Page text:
Foothill Christian School Blog

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Bias, Bigotry, Bullying

Written by Ebenezer Puplampu, HR Practitioner and Adjunct Professor of Industrial and Organizational Psychology


‘Bias’ is one word nobody likes to be associated with because it typically carries a negative connotation. One of my favorite things to do when I interact with people regarding the subject of ‘bias’ is to ask whether bias is a bad thing? I almost always get the ‘duh’ reaction – as if to say everybody knows that bias is a bad thing. Really? Is bias a bad thing? To answer that question, we will need to first understand a few basic stuff like, what bias really is, where it comes from and who can be biased?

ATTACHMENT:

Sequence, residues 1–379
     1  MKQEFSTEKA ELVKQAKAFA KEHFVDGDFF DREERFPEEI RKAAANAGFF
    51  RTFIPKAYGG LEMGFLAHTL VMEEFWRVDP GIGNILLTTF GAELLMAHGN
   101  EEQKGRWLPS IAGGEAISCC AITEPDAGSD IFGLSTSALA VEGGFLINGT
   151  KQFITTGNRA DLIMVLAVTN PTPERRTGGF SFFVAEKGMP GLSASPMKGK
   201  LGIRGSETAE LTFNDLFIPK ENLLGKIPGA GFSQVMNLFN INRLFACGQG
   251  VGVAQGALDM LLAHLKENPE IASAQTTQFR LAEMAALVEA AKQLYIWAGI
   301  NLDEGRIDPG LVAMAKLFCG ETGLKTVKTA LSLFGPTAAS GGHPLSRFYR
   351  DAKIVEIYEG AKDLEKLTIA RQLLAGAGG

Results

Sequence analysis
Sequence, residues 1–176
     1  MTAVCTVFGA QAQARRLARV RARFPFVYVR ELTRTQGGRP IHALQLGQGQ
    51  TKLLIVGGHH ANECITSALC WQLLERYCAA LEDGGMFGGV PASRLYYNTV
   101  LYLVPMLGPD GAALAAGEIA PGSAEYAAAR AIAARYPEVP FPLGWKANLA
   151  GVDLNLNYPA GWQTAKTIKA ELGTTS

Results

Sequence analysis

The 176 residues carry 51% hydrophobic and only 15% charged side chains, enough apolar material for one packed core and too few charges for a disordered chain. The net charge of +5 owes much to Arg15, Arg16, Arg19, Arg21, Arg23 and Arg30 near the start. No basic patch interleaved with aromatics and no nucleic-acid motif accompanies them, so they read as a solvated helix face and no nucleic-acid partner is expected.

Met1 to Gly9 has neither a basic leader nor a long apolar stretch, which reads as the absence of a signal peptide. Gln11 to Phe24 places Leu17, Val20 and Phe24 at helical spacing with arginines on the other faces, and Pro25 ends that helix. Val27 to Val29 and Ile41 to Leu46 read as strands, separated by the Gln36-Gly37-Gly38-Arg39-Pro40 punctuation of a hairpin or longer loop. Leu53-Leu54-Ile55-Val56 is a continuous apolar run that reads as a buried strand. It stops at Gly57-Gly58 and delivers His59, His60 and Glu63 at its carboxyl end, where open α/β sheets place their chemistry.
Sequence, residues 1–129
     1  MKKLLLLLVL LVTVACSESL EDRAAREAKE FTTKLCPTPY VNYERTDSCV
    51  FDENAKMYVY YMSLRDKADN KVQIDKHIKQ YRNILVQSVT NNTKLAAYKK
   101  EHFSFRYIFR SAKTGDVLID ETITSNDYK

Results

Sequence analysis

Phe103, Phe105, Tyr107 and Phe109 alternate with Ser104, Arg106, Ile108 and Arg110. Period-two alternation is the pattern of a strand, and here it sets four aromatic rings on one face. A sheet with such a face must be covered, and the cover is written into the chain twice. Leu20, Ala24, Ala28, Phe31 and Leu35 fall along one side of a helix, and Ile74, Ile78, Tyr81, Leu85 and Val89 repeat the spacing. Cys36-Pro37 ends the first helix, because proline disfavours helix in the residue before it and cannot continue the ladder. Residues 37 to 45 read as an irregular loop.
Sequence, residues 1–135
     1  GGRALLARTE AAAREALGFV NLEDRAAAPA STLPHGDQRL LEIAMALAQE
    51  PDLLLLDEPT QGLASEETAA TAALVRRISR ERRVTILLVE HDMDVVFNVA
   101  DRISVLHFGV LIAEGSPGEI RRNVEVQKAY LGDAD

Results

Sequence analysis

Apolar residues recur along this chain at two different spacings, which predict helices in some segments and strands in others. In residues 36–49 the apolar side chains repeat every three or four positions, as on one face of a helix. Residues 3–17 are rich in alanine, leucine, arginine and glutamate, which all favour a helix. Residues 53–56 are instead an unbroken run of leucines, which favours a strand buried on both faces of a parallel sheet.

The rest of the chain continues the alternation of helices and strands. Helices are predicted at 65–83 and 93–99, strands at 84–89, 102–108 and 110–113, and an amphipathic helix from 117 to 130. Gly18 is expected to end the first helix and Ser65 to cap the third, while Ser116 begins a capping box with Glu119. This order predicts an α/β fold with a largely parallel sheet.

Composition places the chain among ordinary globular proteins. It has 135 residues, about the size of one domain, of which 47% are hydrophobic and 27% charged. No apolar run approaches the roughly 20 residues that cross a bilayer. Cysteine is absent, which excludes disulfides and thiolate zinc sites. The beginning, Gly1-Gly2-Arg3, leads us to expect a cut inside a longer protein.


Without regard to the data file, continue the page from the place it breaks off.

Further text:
To begin with, bias is basically the expression of our preferences. In other words, every time we choose to drink coffee and not tea, decide to eat carnitas and not chicken or wear shorts and not trousers, we are expressing our bias. Experts who study human behavior say that we develop bias and preference from a combination of our biology, how we are brought up and socialized, and the experiences we have in life. So for example, we all know people who do not eat anything that contains dairy products because they are lactose intolerant. As a result, they will prefer almond milk with their coffee instead of dairy cream. There are others who just do not like the way dairy milk tastes and so would prefer coconut milk because that’s what they grew up drinking.